- Introduce yourself and your organisation
- Provide key details of your event for your potential partner to assess if your event’s a good fit for them – what it’s about, the date/time of the event you want to partner for, expected audience, and social proof of your event’s success where relevant.
- Provide an example of a successful partnership from previous events.
- Be upfront about your inclination to partner or seek for sponsorship, and request to meet in person. It’s better to build camaraderie and talk details face to face.
- Keep your email short and succinct, it can be read and understood within three minutes. Format it with bullet points or bold font to make it easily readable and direct attention to details you want to highlight.
Most, if not all of us, kickstart events with the aim of continuity both for the community we’re running it for and for the purpose we champion with the event.
Stopping at one is rarely the case in running events.
Events as we know it though are costly both in terms of time and money. How then can we make organising an event sustainable such that we’re able to do more and for longer?
Forming strategic partnerships with providers of a service or product you require for your event is one way. We outline five steps to negotiating a win-win deal to keep costs low for your event and increase the likelihood of you running another.
1. Identify a partner that would also want to reach your event’s target audience. Chances are they’ll be more open to exploring a partnership with your event. Once you’ve identified a partner, craft an email pitch. These are five elements to include in your pitch:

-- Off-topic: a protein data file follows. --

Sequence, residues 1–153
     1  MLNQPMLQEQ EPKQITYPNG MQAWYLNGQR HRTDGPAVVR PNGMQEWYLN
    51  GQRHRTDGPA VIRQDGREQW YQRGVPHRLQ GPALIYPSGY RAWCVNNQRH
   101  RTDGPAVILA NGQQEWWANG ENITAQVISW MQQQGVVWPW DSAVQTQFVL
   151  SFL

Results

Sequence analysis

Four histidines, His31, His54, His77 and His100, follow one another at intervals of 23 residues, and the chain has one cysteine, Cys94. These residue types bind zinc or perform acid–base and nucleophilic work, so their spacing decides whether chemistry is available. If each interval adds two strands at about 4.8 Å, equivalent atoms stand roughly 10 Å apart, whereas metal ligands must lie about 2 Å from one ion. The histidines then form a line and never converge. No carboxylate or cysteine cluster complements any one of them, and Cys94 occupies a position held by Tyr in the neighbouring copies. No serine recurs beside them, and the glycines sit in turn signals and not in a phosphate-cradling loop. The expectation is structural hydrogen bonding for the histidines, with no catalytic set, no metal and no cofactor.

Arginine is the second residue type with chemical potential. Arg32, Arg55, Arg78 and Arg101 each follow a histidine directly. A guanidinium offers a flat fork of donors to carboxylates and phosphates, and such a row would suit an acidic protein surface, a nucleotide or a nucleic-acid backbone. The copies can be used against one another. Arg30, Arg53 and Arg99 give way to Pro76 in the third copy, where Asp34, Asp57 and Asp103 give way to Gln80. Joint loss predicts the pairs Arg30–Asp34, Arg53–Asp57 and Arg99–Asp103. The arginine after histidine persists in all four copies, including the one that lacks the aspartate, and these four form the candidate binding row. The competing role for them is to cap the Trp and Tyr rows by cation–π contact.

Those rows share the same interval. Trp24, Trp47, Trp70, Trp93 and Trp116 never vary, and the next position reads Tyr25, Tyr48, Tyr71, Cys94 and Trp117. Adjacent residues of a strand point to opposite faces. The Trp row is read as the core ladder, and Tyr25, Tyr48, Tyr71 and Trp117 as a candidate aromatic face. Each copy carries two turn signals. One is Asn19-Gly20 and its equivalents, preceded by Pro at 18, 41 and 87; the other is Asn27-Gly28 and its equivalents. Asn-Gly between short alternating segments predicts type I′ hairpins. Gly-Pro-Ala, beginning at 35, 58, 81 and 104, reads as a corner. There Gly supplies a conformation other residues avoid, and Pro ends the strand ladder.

2. List all the items you can provide and the parameters to which you will provide them for. This list is for your personal reference and enables you to have a clear idea on your capacity as a partner, hence avoiding the temptation to over promise during discussions of a partnership.
3. Find out what your partner is looking for, and understand their objectives. It could range from brand awareness, building thought leadership, generating leads, or gaining customers for their business.
4. Determine a win-win partnership proposal that will meet your partner’s objectives (in point 3) through your capacity as a partner (in point 2) and help you save money on a product or service you require for your event.
5. Leave room for flexibility in negotiating your finalised partnership. Play by ear and be open to offering more if necessary and feasible within your capacity as a partner.
6. Keep a log on all deliverables and objectives achieved on behalf of your partner. This can help you evaluate the success of your partnership, and use it as a reference point in discussing future partnerships with the same partner or in approaching other partners.
Follow these six steps to negotiate an effective partnership that will help you keep costs low for your event so you can have more for other event essentials and make it sustainable to run more events for your community.